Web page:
Linda: Yes, the book is $9.99 – I think most reader’s would prefer less "comfort" at a cheaper price. If this is a trend, it will cut back on the numbers of books bought, as our income and book buying funds don’t go up just because book prices do! I like Coulter’s historicals a lot, but I haven’t cared for the few contemporaries I’ve read. Perhaps it is the linking of new books with beloved characters that hooks me in – same as it does with Diana Palmer, about whom we disagreed the last time around. Coulter has definitely not jumped the shark for me and I still auto-buy her historicals. I like her humor a lot, and as I mentioned before, she uses past characters well. The scene at the end when Douglas’ harridan of a mother (and bane of his wife Alex’s existence) pushes the butler she has sparred with for years in his wheel chair brought a tear to my eye.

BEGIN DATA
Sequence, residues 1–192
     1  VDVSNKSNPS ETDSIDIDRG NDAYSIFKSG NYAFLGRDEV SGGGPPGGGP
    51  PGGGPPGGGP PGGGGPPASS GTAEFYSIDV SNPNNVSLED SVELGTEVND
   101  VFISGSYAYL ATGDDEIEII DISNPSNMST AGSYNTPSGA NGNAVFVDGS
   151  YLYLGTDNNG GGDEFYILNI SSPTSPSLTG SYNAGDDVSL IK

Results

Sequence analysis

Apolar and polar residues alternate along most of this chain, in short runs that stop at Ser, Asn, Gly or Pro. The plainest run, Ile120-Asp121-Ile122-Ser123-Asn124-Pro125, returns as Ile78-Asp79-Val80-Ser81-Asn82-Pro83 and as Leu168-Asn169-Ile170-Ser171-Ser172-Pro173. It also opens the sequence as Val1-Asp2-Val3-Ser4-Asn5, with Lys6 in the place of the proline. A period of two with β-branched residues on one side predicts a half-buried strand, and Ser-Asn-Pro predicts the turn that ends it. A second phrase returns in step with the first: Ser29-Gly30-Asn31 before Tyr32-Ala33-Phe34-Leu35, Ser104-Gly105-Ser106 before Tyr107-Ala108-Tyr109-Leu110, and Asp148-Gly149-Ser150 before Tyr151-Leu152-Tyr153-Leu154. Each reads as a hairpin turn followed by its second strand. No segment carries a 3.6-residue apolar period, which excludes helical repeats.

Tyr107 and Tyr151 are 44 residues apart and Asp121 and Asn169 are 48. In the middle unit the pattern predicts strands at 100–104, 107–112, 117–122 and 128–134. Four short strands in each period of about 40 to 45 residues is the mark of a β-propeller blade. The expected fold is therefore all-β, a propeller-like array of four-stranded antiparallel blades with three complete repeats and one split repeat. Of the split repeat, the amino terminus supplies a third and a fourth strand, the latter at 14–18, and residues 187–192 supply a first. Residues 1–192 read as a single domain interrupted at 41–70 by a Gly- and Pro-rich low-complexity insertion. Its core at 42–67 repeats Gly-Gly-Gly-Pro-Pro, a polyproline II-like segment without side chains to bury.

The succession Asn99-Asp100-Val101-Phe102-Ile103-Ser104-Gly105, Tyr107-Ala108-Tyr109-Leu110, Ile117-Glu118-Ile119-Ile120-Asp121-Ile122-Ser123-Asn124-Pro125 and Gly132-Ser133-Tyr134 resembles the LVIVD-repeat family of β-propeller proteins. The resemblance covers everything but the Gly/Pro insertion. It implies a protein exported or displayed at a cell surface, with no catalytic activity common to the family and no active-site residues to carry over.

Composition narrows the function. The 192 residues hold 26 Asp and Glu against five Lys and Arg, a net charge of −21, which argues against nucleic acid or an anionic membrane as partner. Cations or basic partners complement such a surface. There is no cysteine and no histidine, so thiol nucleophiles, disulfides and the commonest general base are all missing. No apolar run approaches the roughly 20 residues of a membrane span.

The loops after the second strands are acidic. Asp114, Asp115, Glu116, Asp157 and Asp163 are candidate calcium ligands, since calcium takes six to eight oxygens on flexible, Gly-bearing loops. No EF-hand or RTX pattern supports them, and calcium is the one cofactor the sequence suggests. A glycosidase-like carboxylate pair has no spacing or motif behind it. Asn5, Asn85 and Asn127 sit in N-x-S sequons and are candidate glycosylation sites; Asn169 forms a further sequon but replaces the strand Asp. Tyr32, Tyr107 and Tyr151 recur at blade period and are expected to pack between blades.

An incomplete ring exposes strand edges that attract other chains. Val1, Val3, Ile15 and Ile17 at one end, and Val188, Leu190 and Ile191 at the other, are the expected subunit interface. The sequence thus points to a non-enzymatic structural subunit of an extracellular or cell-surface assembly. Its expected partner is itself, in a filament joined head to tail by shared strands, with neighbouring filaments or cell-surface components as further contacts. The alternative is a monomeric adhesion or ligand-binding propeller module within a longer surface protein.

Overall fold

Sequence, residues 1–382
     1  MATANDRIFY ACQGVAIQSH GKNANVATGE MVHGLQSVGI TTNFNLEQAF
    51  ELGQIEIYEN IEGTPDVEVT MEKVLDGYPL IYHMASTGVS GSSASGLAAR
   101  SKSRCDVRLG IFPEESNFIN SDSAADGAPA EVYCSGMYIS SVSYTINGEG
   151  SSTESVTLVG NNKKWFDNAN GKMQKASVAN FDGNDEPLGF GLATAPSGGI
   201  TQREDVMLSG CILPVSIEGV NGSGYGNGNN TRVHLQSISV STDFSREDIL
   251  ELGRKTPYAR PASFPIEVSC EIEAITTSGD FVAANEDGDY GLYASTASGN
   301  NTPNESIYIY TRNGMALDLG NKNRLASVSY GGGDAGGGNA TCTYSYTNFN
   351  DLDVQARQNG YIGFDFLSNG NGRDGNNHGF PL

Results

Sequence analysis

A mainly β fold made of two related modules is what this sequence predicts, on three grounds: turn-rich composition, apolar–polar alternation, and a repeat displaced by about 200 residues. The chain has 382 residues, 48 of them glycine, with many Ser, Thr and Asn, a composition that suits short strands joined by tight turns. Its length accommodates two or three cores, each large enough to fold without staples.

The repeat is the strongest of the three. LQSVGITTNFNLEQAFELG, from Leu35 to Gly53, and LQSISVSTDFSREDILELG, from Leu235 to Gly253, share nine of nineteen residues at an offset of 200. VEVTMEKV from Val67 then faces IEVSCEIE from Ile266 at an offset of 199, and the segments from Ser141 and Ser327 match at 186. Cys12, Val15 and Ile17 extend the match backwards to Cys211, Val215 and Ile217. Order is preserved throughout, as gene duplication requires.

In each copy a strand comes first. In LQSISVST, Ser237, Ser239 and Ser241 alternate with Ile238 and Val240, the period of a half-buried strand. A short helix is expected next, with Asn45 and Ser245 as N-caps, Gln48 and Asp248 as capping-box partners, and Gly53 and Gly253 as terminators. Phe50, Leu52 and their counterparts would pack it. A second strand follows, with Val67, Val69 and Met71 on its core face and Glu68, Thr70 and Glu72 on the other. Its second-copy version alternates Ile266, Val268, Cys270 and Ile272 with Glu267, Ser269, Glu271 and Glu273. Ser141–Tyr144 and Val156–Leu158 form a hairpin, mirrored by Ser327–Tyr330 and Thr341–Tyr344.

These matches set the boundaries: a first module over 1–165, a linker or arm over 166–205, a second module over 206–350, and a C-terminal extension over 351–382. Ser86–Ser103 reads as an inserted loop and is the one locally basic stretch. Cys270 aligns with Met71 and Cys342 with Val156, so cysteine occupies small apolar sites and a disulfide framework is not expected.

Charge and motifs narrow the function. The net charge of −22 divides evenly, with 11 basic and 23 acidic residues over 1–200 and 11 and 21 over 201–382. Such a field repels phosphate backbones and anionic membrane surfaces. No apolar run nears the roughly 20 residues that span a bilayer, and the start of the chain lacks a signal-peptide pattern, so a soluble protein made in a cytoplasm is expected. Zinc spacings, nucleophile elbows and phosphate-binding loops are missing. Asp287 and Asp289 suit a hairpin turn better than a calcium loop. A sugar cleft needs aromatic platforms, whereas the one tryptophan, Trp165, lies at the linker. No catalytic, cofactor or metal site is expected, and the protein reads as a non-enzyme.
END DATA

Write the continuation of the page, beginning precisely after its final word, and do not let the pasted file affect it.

Blythe: Well, I think I if I feel the desire to read Coulter again, I’ll hunt up some of her older books from my keeper shelves. I remember finding her humorous and touching in the past, but this one just didn’t work well for me.
Linda: Well, I guess we will agree to disagree on Coulter, but I do think her current fans will really enjoy Lyon’s Gate. What is up for next month, Blythe?
Blythe: Next month we plan to tackle Feet First, a single title release by Leanne Banks about a woman shoe designer. Hey, any book with a pair of strappy sandals on the cover is going to be of immediately interest to women!